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FASEB J. 2002 Apr;16(6):616-8.

HIV enhances substance P expression in human immune cells.

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The Children's Hospital of Philadelphia, Department of Pediatrics, University of Pennsylvania School of Medicine, Philadelphia, Pennsylvania 19104, USA.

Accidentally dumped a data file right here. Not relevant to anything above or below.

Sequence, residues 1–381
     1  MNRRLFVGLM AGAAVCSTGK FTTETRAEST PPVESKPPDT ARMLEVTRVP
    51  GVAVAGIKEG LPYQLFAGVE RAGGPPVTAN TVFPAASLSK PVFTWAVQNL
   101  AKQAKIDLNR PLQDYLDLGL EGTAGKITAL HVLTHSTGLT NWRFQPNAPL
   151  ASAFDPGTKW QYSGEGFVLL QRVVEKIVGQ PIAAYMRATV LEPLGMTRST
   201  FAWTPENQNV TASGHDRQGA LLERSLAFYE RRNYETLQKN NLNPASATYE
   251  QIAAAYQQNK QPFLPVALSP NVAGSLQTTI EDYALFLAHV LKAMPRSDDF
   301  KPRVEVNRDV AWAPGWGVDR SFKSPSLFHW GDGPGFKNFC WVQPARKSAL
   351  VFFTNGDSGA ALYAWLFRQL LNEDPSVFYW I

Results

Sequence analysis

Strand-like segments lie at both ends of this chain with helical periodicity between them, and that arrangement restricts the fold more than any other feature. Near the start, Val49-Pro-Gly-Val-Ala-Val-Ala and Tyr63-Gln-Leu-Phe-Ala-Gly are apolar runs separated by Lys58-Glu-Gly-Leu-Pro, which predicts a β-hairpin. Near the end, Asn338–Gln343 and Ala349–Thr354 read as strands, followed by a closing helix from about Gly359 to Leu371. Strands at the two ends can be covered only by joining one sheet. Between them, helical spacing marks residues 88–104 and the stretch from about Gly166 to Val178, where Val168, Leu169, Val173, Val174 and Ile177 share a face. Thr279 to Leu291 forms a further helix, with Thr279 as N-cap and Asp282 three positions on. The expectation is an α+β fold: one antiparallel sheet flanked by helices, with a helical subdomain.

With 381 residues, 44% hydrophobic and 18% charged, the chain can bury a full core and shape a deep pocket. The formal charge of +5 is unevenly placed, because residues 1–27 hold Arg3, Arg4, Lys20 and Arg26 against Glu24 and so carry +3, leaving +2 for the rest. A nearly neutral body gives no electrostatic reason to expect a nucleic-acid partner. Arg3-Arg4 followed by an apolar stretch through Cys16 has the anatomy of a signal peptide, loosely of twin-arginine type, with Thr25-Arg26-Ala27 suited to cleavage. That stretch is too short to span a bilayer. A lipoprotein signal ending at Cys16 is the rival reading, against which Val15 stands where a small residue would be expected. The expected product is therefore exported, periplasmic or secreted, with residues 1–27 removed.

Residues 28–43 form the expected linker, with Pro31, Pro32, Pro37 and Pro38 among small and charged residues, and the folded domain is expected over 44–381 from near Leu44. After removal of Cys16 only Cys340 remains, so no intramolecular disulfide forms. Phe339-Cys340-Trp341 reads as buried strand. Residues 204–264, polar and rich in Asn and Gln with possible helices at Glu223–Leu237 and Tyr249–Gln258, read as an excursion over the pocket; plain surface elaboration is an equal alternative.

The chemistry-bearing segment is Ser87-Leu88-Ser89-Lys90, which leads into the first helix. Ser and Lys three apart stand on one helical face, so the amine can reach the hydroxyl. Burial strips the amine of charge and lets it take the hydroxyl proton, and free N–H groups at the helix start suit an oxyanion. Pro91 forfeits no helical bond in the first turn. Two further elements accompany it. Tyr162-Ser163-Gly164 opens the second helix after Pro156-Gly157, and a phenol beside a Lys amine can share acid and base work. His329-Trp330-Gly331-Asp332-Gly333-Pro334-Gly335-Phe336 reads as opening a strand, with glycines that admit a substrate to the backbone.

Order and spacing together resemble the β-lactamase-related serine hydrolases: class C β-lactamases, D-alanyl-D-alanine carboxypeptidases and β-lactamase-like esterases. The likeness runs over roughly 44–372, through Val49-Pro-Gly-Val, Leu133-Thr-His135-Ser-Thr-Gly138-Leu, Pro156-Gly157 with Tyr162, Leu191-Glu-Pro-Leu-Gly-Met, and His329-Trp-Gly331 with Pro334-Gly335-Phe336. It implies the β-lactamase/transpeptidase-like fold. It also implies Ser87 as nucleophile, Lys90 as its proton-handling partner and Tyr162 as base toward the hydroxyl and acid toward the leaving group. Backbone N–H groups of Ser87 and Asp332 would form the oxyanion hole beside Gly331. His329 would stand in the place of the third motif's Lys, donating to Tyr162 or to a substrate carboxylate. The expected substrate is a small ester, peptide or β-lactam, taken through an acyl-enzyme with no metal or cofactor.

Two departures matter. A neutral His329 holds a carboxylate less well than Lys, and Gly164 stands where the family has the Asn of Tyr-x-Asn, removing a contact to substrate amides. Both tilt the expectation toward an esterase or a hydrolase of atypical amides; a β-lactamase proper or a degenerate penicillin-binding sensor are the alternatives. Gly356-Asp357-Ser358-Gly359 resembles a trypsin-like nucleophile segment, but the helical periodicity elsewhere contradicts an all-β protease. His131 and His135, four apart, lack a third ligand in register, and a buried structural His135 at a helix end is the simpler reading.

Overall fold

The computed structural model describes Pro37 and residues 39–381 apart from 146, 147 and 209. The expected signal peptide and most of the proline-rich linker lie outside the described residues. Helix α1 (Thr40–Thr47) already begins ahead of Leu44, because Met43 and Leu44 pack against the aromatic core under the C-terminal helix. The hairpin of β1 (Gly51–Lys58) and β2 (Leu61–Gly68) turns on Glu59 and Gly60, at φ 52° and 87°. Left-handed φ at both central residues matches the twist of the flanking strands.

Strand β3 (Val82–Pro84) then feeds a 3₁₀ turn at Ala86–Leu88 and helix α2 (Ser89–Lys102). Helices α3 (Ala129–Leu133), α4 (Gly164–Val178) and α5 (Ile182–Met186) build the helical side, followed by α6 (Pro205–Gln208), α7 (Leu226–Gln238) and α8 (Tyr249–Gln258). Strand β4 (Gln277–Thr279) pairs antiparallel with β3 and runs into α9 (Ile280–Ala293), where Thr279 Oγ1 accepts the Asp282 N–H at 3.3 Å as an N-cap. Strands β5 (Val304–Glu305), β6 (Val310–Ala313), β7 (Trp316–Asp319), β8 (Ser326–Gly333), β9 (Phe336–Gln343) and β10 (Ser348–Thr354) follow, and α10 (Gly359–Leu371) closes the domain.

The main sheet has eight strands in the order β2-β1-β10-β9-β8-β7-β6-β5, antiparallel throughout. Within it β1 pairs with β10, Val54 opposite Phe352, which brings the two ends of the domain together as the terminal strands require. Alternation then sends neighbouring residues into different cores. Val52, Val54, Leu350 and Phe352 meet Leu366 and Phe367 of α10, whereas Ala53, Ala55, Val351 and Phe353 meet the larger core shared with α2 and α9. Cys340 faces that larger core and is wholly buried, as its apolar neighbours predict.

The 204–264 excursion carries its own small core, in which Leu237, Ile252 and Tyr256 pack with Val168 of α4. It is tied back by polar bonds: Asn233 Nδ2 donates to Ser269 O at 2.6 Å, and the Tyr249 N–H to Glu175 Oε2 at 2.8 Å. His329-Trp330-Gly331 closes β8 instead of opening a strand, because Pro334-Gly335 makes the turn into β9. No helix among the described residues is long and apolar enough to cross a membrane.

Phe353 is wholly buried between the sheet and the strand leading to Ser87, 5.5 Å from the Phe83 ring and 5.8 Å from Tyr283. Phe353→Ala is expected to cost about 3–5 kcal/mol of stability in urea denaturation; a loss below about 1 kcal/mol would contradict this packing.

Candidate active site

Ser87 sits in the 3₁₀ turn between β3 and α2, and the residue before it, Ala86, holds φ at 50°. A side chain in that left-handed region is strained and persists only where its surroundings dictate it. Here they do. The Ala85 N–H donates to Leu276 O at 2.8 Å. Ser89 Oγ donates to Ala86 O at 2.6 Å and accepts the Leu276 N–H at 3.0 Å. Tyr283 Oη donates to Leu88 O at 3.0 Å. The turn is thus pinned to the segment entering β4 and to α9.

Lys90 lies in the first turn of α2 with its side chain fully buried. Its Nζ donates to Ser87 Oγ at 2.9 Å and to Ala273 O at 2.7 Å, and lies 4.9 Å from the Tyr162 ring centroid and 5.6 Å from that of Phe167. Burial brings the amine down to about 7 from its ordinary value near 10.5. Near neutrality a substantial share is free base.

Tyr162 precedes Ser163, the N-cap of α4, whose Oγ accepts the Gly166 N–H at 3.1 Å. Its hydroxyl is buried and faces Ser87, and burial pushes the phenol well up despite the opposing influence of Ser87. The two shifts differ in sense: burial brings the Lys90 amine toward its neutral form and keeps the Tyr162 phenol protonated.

Substance P (SP), a potent modulator of neuroimmunoregulation, is expressed in human immune cells. We observed elevated plasma SP levels in HIV-infected men compared with uninfected subjects. In the present study, we investigated the possible cellular source of the increased SP level caused by HIV infection. Using real-time reverse transcriptase-polymerase chain reaction, we demonstrated that monocyte-derived macrophages (MDM) and lymphocytes from both placental cord blood and adult peripheral blood expressed SP mRNA, which was significantly increased by HIV infection. HIV-induced SP expression was positively related to virus replication in the infected MDM. Purified recombinant HIV envelope glycoprotein 120 (gp120) derived from both the macrophage-tropic strain (MN) and the T lymphocyte-tropic strain (IIIB), when added to MDM cultures, enhanced SP mRNA expression. The gp120-induced SP expression was abrogated by pretreating the cells with soluble CD4. Furthermore, the activation of HIV in the latently infected promonocytic cell line (U1) and T-cell line (ACH-2) up-regulated SP mRNA expression. These data support the hypothesis that interaction of HIV and SP may have significant in vivo relevance to the immunopathogenesis of HIV infection and AIDS.

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